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Barbara Corcoran on stimulus: ‘It’s a dire situation’

Barbara Corcoran, Founder of The Corcoran Group and Shark on ABC’s “Shark Tank” joins Yahoo Finance’s Zack Guzman to discuss economic and COVID-19 concerns as small businesses struggle for survival amid a looming election.

Video Transcript

ZACK GUZMAN: I actually want to focus in on what we're seeing move the markets here today, folks, because it is quite astonishing when we see the case count continue to rise across the pond in Europe, but also back here in the US, as we see hospitalizations in New Jersey top 1,000 for the first time since we saw that earlier back in the summer. Obviously, this is impacting small businesses in terms of their expectations on potential reclosures here. We're already seeing that play out in Chicago.

For more on that, I want to get to our first guest, Shark Tank's Barbara Corcoran. You know her well. And Barbara, I appreciate you coming back on to chat with us today. At first, I mean, when we talked about this all hitting back earlier in the year when we saw cases rising and lockdowns hitting, you said a lot of your small businesses that you worked with were in very real danger of closing. As we're seeing cases tick back up now, what are you hearing from business owners worried about that playing out again here in the US?

BARBARA CORCORAN: It's gone way beyond just worrying about it and talking about it. One in five businesses that I've invested in have closed. And I would say that another two out of five are probably near death, so to speak. Because small businesses really have been at the losing end of COVID-19, while if you really watched the large public companies, certainly we have some that grab headlines along the way.

So if Hertz goes down or JC Penney goes down, everybody's talking about it. But nobody's talking about the one in five businesses that have closed for good since January. It's really a totally uneven, unfair market. And I don't think people have their eye on those small businesses and the damage it's going to do to the economic recovery.

ZACK GUZMAN: I mean, when we talked about that, too, in the lockdown, obviously, it's not just the small businesses here that would be worrying, but also the employees working at a lot of these institutions that would have to close down again without additional support. As we know, since the end of July, the CARES Act support there has waned or completely rolled off, as have PPP funds here. So what are you seeing play out on that front, as more businesses try and figure out the process to deal with getting these loans turned into grants?

BARBARA CORCORAN: Well, the money from the PPP and any program that has been gotten has largely been spent. And as you know, the number one cause why businesses go down in any market, never mind a kind of market they've been coming through like a bloodbath, is certainly cash flow. So the cash flow is putting these people out of business. It's not desire to stay in business.

And when you think that they employ four out of 10 employees, every time they have a cash flow problem, there are less jobs for those people. And when you see who's really applying for those small business loans, it's a small business. But more importantly, people who are applying for unemployment insurance are largely those people let off by small businesses with less than 100 employees. And that trend will continue unless something changes.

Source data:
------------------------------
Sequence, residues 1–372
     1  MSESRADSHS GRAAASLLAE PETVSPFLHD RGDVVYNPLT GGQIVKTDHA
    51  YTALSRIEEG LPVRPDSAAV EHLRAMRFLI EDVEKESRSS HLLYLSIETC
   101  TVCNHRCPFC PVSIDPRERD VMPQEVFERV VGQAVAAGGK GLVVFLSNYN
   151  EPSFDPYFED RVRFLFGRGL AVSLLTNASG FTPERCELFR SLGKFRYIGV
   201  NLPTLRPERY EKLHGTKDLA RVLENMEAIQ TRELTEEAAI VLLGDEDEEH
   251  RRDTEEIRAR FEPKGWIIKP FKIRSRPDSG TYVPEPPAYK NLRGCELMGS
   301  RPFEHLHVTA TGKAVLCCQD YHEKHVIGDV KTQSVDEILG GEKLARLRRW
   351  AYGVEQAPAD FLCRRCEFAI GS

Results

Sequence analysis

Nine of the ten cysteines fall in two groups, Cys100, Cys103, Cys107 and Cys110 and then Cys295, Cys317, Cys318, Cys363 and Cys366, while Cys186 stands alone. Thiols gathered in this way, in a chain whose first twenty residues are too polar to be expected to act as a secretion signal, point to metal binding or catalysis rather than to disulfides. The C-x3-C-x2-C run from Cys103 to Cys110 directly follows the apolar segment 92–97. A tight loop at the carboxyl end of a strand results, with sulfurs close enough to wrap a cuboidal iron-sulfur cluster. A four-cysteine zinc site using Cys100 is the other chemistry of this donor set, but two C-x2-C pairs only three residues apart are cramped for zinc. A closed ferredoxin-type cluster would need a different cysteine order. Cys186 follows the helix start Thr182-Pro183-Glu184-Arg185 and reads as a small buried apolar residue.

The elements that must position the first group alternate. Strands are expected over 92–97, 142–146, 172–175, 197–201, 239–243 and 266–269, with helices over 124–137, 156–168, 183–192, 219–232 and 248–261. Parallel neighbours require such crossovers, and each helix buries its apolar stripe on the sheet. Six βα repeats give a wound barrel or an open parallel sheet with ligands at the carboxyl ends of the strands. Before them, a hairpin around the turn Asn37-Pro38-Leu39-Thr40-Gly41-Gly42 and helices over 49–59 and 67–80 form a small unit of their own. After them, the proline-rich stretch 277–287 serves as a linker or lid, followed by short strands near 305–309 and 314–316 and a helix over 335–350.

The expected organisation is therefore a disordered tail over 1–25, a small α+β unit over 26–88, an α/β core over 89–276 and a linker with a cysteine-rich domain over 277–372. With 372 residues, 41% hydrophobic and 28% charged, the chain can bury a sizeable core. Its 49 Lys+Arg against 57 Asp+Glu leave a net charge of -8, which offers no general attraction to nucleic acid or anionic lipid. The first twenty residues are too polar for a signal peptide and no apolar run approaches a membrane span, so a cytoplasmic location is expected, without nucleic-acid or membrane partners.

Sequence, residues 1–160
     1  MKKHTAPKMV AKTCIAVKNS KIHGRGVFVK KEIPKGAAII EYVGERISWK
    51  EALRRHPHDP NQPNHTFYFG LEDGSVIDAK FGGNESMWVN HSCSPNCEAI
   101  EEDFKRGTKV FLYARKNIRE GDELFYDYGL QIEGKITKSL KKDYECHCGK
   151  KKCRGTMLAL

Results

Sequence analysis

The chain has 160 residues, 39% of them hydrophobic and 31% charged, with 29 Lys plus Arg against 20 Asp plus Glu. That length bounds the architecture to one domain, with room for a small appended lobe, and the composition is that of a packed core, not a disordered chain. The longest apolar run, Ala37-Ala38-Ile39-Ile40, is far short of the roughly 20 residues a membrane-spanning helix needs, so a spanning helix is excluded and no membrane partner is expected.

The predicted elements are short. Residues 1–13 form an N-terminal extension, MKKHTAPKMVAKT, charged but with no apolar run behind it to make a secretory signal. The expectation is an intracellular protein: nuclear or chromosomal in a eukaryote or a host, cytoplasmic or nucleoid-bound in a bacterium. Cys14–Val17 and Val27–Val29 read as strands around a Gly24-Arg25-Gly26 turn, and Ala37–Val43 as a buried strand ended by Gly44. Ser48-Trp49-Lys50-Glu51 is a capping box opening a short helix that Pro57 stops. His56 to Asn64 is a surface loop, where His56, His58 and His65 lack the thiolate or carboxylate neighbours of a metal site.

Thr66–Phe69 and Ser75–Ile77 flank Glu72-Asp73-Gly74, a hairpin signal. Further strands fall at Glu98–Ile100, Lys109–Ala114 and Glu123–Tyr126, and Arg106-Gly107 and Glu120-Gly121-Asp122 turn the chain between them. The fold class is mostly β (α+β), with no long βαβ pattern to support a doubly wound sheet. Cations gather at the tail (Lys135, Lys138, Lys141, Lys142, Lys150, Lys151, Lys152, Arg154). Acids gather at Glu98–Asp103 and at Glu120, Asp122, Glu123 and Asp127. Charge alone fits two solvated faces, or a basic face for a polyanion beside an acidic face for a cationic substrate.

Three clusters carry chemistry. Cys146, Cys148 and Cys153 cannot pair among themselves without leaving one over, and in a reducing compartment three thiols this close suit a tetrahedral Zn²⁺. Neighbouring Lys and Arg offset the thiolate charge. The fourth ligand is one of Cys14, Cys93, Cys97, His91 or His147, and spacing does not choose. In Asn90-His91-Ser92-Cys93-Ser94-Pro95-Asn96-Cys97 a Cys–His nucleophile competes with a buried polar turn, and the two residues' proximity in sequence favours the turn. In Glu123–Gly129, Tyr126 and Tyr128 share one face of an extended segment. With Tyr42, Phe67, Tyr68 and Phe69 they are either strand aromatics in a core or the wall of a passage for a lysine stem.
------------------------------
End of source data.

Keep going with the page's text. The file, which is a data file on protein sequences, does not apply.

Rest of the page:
There's really a great need for help while Congress just debates it forever, and no help really comes forward. It's a dire situation, and I don't think people, again, are taking seriously.

ZACK GUZMAN: Yeah, and a lot of people do say that that's expected to stay the course. I mean, we heard back and forth on the negotiation front between Republicans and Democrats here. Basically now that we're so close to the election, the idea that anything's going to come through, completely off the table. That happened a few days ago in terms of hopes completely dying on that stimulus front.

But in terms of the election, how do you see that playing out, whether President Trump is re-elected, whether or not Joe Biden wins, how that might change the conversation around what stimulus is needed, or rather, what gets passed and how it might shake out on the business front?

BARBARA CORCORAN: Well, largely, whether Trump or Biden is elected, everybody is going to be helped, simply because it removes the uncertainty card. Uncertainty in any business climate does more damage than the most terrible news in the whole world. And so I think people will adjust to whoever the president-- the new president or the old president's going to be. Because at least it's behind everybody.

But I can say that most people who are wealthy are hoping and praying that Trump gets elected because he forwards the large business interests religiously and faithfully, whereas Biden is making the claims, although it's just theory yet-- of course, you have to pass it through the houses, et cetera. That's no easy feat.

But Biden is more small business friendly. And many of the programs that he's proposing-- whether they really happen or not, we don't know-- are much more friendly towards small business. But you know what? It's details that are yet to be seen. What is going to help everybody is certainty after the election. I believe it's going to be a sigh of relief, like got that behind us. And every small business will feel like they're a little bit more in control, and they can decide what they're going to do.

But I have to tell you, most of them won't have a decision to be made. Either they could afford next month's rent, pay their employees next month, or they're going down like many of the other people on the block have already gone down.